transatlantic love affairs with books

I was reminded of 84, Charing Cross Road after being gravely disappointed in The Guernsey Literary and Potato Peel Society and was delighted to find out there was a sequel to the former, The Duchess of Bloomsbury Street.

The books themselves are very easy to describe: 84, Charing Cross Road is the collected letters sent back and forth between Helene Hanff and her contact at a London bookstore (no longer extant), Frank Doel between 1949 and 1968, and The Duchess of Bloomsbury Street is Hanff’s journal of her trip to London to publicize the collection of letters.

84, Charing Cross Road has always struck me as a love story between two people who not only never met but wouldn’t have done anything remotely intimately scandalous if they had; Frank Doel was happily married at the time, and indeed his widow happily escorted Hanff around London when she finally did make it across the Atlantic to visit London. A touch I found interesting was that, as the earlier correspondence took place while the U.K. was still under quite strict rationing, Hanff took the trouble to send over hampers of food to a group with whom she had only a business relationship. As a result of the hampers and her writing style, the relationship, though always proper, grew to something approximating friendship. I don’t know if they included all of the correspondence–letters may have been lost in moving or simply didn’t advance the “plot”–or if Hanff’s purchasing simply tailed off in the late 1960s; the letters are regular in the early 1950s but become sparser as the book continues. I may be a bit biased as I love books and appreciate Hanff’s dedication/determination to expand her horizons through reading; she’d rather spend money on books than luxury consumables.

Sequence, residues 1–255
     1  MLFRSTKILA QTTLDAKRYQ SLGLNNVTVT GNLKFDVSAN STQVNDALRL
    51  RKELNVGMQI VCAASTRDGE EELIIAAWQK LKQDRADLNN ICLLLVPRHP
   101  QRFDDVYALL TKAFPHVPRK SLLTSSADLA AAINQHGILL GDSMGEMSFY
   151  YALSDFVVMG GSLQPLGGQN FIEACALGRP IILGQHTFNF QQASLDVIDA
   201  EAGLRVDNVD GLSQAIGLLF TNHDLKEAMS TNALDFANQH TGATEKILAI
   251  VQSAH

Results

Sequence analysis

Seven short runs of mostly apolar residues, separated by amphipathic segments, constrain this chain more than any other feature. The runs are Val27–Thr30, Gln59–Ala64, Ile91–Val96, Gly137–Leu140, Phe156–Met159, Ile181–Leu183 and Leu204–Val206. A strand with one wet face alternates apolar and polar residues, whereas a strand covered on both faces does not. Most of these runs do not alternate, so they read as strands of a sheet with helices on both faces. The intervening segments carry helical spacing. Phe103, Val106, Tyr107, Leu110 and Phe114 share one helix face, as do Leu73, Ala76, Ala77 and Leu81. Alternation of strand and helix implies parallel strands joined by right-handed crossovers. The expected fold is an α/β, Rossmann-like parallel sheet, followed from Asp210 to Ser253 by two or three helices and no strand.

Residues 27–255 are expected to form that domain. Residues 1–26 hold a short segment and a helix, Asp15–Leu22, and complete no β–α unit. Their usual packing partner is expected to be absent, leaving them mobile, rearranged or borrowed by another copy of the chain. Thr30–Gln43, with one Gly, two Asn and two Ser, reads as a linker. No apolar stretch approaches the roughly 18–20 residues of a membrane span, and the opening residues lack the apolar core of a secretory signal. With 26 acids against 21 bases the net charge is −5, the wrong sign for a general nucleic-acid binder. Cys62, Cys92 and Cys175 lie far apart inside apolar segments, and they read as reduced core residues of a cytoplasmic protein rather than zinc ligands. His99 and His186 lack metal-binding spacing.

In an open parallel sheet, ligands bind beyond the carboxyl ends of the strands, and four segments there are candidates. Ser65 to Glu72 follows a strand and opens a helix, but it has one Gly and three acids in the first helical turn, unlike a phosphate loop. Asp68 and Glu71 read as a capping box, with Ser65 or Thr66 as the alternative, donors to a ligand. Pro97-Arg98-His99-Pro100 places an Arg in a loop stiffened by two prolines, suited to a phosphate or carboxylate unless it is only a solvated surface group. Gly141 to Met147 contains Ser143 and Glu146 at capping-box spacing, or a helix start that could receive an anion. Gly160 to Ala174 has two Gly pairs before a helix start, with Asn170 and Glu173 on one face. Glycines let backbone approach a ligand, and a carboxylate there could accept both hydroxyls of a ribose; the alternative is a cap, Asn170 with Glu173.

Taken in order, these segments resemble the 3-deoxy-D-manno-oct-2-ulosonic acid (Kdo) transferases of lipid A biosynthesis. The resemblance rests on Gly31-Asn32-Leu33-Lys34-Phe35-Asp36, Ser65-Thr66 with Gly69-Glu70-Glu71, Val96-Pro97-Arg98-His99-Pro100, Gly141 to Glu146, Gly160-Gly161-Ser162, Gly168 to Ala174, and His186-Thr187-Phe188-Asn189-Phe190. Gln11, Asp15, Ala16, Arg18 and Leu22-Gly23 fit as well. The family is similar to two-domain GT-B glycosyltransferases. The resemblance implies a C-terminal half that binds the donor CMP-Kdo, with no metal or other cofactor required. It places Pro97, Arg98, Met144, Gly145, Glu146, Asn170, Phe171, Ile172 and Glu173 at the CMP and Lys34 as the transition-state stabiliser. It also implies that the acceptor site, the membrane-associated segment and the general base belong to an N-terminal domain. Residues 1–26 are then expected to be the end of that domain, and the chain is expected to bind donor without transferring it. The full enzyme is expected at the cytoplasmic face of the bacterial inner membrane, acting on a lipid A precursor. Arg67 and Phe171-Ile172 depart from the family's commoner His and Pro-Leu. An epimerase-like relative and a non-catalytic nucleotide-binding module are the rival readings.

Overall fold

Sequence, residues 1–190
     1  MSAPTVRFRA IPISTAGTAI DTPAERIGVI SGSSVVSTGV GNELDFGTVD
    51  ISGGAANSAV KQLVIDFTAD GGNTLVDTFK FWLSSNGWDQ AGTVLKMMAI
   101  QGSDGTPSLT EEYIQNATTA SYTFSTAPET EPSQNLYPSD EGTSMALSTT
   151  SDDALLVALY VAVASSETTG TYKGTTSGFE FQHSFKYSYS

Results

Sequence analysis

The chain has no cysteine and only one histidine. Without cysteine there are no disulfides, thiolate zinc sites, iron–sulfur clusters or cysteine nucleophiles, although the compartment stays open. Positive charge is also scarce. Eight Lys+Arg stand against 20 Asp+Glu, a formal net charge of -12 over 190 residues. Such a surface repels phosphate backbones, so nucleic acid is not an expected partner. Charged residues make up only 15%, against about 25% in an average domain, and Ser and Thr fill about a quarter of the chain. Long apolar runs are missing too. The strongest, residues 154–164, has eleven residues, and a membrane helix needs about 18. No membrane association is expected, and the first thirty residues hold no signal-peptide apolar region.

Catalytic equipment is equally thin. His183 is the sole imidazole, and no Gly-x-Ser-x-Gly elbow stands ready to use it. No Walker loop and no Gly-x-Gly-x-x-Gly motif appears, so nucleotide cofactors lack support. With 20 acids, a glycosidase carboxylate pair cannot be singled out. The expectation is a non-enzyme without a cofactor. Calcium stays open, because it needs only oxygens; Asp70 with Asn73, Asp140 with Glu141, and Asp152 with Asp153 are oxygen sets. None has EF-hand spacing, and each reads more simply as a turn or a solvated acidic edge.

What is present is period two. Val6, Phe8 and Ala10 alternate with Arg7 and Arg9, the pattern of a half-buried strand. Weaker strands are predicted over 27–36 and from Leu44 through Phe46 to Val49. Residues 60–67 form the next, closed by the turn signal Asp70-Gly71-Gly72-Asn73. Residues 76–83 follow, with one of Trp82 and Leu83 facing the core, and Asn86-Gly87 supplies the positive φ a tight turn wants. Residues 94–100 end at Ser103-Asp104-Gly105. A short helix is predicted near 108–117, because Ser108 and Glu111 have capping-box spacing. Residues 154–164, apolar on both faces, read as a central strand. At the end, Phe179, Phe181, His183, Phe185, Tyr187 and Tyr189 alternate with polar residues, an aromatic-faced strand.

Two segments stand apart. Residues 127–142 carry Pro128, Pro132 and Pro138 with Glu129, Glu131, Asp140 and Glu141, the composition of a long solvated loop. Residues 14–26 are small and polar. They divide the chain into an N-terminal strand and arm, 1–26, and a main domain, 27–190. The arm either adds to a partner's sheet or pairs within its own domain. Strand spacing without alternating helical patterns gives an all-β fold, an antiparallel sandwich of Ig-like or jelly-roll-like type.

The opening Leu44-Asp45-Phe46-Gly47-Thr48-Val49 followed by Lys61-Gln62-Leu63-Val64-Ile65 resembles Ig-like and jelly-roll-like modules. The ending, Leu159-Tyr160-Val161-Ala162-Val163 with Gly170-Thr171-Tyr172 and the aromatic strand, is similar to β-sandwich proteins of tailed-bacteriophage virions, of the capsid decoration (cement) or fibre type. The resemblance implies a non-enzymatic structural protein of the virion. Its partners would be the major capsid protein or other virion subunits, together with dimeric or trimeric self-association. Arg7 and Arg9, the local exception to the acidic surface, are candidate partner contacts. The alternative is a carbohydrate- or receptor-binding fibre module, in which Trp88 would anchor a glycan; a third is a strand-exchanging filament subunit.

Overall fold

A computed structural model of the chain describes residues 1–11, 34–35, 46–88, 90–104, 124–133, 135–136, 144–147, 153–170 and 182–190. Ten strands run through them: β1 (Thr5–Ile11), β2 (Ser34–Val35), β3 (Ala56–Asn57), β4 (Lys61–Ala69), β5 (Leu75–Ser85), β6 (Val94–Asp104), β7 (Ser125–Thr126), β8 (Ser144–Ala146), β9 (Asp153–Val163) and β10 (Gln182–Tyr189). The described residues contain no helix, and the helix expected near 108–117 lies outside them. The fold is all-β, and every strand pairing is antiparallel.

The Duchess of Bloomsbury Street begins as Hanff readies for her long dreamed of trip to London in the early 1970’s; she’s been dreaming of this since before Elizabeth’s coronation, but always something prevented it–dental work, loss of job, having to move, whatever. As with many sequels, even non-fiction ones, The Duchess of Bloomsbury Street doesn’t quite live up to the promise of 84, Charing Cross Road; I suppose imagination is always better than reality, though her trip to London does sound to be (almost) everything she’d hoped, with a few disappointments, such as trying to explain to the hotel bartender exactly how she wanted a martini to be made. (He never did bring himself to put in that third jigger of gin, poor man.)

As for what to read next, I would most heartily NOT recommend The Guernsey Literary and Potato Peel Society. There are far too many good epistolary works out there to waste one’s time on mere romantic gentle read goo, unless that’s ALL one reads. In that case, go for it. (In fairness, there are plenty of people who do just this! Just not me.)

For reference: a fan site for the bookstore


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